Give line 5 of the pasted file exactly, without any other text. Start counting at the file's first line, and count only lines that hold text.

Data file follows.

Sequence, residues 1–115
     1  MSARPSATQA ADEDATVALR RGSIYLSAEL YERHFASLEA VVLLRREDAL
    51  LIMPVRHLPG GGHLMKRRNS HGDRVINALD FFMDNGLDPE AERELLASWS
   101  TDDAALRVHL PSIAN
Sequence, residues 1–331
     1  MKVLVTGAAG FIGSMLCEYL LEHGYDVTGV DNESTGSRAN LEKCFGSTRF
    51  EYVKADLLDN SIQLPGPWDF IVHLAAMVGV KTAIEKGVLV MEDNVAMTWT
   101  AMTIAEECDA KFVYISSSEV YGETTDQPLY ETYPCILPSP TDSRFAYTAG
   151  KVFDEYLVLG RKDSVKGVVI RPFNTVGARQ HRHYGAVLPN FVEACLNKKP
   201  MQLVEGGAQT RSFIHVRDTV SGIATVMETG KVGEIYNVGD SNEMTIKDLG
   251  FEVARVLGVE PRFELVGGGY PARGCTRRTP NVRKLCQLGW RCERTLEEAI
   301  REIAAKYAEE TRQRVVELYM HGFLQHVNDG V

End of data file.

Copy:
Sequence, residues 1–331